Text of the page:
I'm not familiar enough with Rohmer's work to know if My Night At Maude's gave him international fame or just fame in the U.S. But the film does seem to have received the most awards and nominations in Rohmer's career (I'm in no mood to research it carefully; too little time). Nominated for the Golden Palm at Cannes, critics' awards for either the screenplay or the cinematography (not all of the film takes place in a bedroom), and Oscar nominations for Foreign Language Film and for Original Screenplay. Seems interesting enough to give it a chance.
CAREFREE and SHALL WE DANCE- Tues Aug 24 at 7:30 (Carefree) and 9:10 (Dance)- Film Forum- More Fred and Ginger. Again, who cares about plot, we care about the dancing, and I suppose the music and singing as well. With Carfree, Ralph Bellamy is the Baxter yet again, when his fiancee (Rogers) falls for his best friend (Astaire). There's stuff about the guys being doctors and hypnosis, but who cares. Oscar noms for Art Direction, the Score, and Irving Berlin's "Change Partners and Dance with Me". With Shall We Dance, ballet dancer star Astaire likes musical leading lady Rogers. But he doesn't know her, so he arranges to be on the same cruise ship as her. But once they dock in New York, people think they're married. Again, who cares, it's about the dancing, people!. An Oscar nom for the classic George and Ira Gershwin, "They Can't Take That Away from Me".
CLAIRE'S KNEE- Wed Aug 25 at 6:50 and Fri Aug 27 at 8:30- Walter Reade at Lincoln Center- Part of the Eric Rohmer retro. From 1970 though released in the U.S. in 71, consider this a lighter version of Dangerous Liaisons. A soon to be ex-bachelor, accepts a bet from his female friend, to flirt with an 18 year old girl and nothing more. The teen falls for him, but the guy falls instead, for the girl's older sister, Claire. He has to at least touch her knee, and is oblivious to the probable fact, that the perfect looking Claire, is probably a stuck up bitch. Talky, but seems interesting enough to post.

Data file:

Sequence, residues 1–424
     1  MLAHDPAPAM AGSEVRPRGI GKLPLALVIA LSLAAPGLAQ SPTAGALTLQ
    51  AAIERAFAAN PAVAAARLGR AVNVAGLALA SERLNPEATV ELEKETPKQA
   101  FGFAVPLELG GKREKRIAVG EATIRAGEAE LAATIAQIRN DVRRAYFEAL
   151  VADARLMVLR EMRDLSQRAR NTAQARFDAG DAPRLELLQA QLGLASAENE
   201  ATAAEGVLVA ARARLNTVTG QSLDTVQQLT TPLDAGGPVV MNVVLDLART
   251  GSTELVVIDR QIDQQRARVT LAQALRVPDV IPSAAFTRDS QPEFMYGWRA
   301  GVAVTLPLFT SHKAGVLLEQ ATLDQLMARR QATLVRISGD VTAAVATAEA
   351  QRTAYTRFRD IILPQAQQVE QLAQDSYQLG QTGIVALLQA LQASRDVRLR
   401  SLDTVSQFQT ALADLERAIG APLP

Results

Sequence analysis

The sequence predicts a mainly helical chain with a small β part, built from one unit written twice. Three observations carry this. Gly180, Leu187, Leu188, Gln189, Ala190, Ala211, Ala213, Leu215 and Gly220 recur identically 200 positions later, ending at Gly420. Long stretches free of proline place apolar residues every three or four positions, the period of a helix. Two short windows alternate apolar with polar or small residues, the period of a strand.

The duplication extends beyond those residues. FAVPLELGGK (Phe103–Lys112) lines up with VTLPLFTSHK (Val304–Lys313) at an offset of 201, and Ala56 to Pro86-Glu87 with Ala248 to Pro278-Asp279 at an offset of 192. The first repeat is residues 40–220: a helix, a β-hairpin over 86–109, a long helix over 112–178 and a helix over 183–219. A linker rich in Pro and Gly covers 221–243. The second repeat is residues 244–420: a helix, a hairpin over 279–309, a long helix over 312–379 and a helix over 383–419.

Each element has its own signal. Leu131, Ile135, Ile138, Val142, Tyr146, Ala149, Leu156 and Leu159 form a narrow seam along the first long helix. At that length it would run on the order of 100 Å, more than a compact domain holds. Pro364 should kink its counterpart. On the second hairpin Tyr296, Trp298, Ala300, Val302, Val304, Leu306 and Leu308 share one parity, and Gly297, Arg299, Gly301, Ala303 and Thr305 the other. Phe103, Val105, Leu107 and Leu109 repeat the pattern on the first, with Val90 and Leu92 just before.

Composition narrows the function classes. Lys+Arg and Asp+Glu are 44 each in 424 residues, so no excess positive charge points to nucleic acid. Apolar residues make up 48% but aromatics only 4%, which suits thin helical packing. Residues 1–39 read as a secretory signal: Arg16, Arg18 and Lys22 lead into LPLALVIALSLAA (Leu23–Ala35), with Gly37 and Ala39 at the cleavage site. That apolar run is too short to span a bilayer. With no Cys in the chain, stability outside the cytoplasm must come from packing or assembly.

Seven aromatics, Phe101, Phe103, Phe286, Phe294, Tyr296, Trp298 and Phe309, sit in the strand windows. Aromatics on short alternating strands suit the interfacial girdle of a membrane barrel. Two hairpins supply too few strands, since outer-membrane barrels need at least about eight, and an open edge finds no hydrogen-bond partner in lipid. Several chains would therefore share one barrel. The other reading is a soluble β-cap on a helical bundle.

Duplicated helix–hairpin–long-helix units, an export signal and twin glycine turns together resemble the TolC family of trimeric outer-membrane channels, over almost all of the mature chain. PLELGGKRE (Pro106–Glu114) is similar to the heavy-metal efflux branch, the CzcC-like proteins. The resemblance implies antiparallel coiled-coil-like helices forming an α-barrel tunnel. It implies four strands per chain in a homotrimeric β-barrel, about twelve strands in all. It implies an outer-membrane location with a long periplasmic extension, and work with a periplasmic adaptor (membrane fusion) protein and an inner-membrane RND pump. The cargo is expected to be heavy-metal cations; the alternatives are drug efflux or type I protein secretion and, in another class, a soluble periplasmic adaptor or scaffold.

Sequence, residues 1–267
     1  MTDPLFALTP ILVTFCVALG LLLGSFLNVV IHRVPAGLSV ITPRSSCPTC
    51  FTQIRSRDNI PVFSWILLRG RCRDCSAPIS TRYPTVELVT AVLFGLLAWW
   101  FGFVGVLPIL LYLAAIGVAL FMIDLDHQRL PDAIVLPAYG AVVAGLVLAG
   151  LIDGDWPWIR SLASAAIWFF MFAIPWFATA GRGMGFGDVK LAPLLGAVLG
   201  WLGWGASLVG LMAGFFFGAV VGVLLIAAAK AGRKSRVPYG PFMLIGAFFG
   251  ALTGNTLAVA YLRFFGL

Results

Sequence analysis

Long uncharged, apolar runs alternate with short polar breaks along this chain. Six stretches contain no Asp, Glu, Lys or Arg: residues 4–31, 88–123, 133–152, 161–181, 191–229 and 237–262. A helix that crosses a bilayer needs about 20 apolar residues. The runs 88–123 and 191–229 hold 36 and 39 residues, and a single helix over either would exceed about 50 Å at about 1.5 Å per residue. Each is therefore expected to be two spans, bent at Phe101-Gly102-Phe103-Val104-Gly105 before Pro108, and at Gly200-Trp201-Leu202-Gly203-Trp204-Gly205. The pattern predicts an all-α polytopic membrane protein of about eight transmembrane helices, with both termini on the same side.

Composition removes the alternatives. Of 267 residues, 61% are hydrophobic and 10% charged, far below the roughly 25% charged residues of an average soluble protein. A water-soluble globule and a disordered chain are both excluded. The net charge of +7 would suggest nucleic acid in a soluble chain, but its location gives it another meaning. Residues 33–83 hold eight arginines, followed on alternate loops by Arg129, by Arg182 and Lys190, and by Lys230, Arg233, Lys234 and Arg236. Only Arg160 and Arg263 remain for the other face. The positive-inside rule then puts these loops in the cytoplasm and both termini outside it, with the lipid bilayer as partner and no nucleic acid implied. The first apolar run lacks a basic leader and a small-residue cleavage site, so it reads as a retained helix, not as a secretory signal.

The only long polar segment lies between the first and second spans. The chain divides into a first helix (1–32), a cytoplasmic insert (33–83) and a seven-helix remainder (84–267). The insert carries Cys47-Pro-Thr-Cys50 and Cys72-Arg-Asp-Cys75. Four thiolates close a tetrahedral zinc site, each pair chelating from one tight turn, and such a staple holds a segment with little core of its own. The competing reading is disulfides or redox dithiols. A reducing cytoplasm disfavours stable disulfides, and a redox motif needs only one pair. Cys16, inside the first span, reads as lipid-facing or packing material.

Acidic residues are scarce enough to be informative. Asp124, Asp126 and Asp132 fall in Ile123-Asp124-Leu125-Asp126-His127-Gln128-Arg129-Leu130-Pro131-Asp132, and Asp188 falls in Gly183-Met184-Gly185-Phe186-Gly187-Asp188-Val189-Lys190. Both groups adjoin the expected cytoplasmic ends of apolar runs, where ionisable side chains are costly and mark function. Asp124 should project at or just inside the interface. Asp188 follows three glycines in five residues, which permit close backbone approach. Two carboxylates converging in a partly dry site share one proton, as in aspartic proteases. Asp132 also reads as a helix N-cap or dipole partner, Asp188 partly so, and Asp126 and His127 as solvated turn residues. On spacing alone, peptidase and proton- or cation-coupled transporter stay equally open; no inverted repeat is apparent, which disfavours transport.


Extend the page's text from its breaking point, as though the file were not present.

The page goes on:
AVATAR- Extended version in both Real and IMAX 3-D- Starting Fri Aug 27- Times and locations TBA- One of the best films of 2009, that has been referred to either as Dances With Smurfs or James Cameron's Pocahontas, but with gunfire and a few moments of annoying 9/11 imagery, gets a re-release. Only this time 8 minutes longer; just like what James Cameron did with The Abyss and (luckily ignored and forgotten) Terminator 2. Now what is in these 8 extra minutes? A Na'vi sex scene? Stephen Lang's bad (and bad ass) Marine eating a Na'vi over an open flame? More of Sigourney Weaver being earnest? More Michelle Rodriguez doing whatever it is she does? I have no idea, I'm not sure what this could except for maybe another blatant cash grab. But since this isn't a film I'll have any interest in seeing on TV, except for maybe a 40 plus inch Blu-Ray TV with a kick ass sound system, the big screen will do.
It will be re-released in both Real 3-D and IMAX 3-D screens. Where exactly I'm not sure. I'm sure that info will come down by Wednesday, August 25, but I can't wait that long. And in the NYC area, I'm not sure if by IMAX they include the actual IMAX screen at AMC Lincoln Square, or the rip-off IMAX screens at 42nd, 34th, and 14th street theaters. We'll have to wait, but I'll go again if there's any interest.
Let me know if there's interest. Later all.